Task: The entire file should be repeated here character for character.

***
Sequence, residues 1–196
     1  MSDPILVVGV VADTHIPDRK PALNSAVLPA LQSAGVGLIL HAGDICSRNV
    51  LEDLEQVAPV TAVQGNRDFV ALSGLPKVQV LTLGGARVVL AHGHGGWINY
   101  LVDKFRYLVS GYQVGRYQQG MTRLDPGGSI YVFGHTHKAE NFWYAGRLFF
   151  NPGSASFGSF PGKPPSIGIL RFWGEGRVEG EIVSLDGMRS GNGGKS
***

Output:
Sequence, residues 1–196
     1  MSDPILVVGV VADTHIPDRK PALNSAVLPA LQSAGVGLIL HAGDICSRNV
    51  LEDLEQVAPV TAVQGNRDFV ALSGLPKVQV LTLGGARVVL AHGHGGWINY
   101  LVDKFRYLVS GYQVGRYQQG MTRLDPGGSI YVFGHTHKAE NFWYAGRLFF
   151  NPGSASFGSF PGKPPSIGIL RFWGEGRVEG EIVSLDGMRS GNGGKS